I stood on the stage yards from singer Tom Meighan as the band Kasabian belted out a rendition of Club Foot. As I turned my head, I could see the drummer and then the audience behind me dancing and jumping ecstatically.
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I am not a big fan of Kasabian, but it's hard to deny this was an impressive demonstration. Watching a live concert through virtual reality (VR) goggles may not be quite the same as actually being there – but it feels pretty close.
The man behind the experience is Henry Stuart, the co-founder and CEO of Visualise. The company is one of over a dozen small high-tech companies operating from Second Home, a futuristic office space in a former carpet factory in London’s Shoreditch.
Virtual reality has been around as a concept for decades, but only now is the technology sophisticated and cheap enough for it to reach the mainstream.
The reason is simple: smartphones are now powerful enough to act as high-resolution screens in mass-market virtual reality headsets.
The benefits of Unity
Visualise uses the Unity development platform, originally designed for making mobile phone apps and games.
Once a virtual reality application is designed, Unity allows the same content to be exported to a wide range of platforms, including Android, iPhones, PCs and Macs.
Google is riding the wave by designing cheap cardboard virtual reality headsets using Android phones as the screen, already available on the internet.
And Oculus VR, maker of the Oculus Rift, has teamed up with Samsung to develop virtual reality devices based on Samsung phones.
Using mobile phones as a virtual reality screen has many advantages. Phones do not require wires, making it possible for the wearer to move freely, and the gyroscopes and movement sensors in the phone can track the wearer’s head movements to give the feeling of being immersed in a virtual world.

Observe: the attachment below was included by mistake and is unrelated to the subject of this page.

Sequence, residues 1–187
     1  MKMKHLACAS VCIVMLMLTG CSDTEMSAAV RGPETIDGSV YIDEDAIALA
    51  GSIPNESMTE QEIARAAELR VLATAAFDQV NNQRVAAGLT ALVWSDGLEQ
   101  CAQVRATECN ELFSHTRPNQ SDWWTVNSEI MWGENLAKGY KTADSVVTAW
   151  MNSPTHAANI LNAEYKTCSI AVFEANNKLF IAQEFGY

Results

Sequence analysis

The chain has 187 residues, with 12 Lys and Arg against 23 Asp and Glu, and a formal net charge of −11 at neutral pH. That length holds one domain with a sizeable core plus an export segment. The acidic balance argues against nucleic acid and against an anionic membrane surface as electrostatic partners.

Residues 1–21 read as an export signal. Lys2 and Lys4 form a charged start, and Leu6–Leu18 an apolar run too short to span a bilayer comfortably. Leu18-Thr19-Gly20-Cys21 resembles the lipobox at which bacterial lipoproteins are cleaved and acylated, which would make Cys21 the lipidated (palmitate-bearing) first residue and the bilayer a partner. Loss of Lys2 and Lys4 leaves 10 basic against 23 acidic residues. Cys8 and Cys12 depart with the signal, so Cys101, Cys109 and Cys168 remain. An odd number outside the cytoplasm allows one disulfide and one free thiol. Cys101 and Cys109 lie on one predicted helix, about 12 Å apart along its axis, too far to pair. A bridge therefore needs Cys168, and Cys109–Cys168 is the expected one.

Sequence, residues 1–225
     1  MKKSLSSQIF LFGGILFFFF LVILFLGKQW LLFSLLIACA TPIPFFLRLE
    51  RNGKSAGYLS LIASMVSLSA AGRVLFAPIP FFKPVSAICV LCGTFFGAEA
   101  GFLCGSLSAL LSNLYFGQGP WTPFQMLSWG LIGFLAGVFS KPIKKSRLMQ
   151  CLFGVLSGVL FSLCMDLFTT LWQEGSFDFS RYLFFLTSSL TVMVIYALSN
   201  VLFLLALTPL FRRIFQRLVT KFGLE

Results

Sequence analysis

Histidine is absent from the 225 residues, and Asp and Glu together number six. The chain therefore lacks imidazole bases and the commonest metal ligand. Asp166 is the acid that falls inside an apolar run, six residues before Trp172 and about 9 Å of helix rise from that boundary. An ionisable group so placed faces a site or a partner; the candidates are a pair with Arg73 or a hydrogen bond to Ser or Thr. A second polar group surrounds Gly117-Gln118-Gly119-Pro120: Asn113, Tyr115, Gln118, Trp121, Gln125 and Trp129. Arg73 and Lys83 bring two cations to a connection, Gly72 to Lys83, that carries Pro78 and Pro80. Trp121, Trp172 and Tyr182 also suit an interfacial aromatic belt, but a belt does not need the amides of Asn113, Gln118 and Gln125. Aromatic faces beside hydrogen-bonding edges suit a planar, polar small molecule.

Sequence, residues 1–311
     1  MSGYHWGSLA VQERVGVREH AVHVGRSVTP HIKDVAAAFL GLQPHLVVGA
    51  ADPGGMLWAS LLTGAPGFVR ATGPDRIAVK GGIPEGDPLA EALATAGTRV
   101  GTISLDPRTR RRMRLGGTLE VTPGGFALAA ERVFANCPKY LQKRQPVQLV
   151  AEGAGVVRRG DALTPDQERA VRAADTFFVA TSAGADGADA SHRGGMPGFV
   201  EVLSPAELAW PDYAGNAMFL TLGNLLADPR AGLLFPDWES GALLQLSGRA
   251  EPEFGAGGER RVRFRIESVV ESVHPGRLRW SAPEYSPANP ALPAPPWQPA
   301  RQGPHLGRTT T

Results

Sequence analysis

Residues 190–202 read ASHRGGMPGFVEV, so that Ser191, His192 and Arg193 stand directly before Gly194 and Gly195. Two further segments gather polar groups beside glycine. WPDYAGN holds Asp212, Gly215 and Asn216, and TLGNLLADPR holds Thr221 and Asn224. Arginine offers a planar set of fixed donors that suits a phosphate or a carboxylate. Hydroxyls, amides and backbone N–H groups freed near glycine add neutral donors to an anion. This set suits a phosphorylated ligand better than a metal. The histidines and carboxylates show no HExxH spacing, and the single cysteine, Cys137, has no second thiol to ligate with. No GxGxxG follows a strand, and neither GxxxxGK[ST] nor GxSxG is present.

VR could take off in two years
It will probably be two years before virtual reality captures the public's imagination and begins to really take off, says Stuart, and it will initially be driven by the demand for entertainment and computer games.
“We predict that when people see the capabilities through the sound and sense of place offered by computer games, they will want to do more with virtual reality,” he says.
Facebook, which bought Oculus VR for £2bn in 2014, has over a billion users worldwide who could use the social media site for playing virtual reality games. It is working with the owners of Second Life, an alternative computer-simulated world in which users will be able to walk around as 3D “avatars” and meet other people.
Sony is developing a virtual reality headset, dubbed Morpheus, for the Sony Playstation games console.
And Microsoft has announced HoloLens, a headset that will link in with the next version of Windows to create virtual reality simulations.
“Computer games are going to drive virtual reality,” says Stuart.
By 2018 the market for virtual reality technology will be worth over $400m a year, according to market research company Markets and Markets.
But whether this first generation of low-cost virtual reality will capture the public’s imagination is a point for debate, says Steffen Sorrell, analyst at Juniper Research.
“We will begin to see proper headsets coming out from mid to late 2016. The question is are they going to work as advertised, and are consumers going to be interested in them?” he says.
One of the biggest potential problems is that users can become nauseous if there is a delay between their actions and on screen image movements.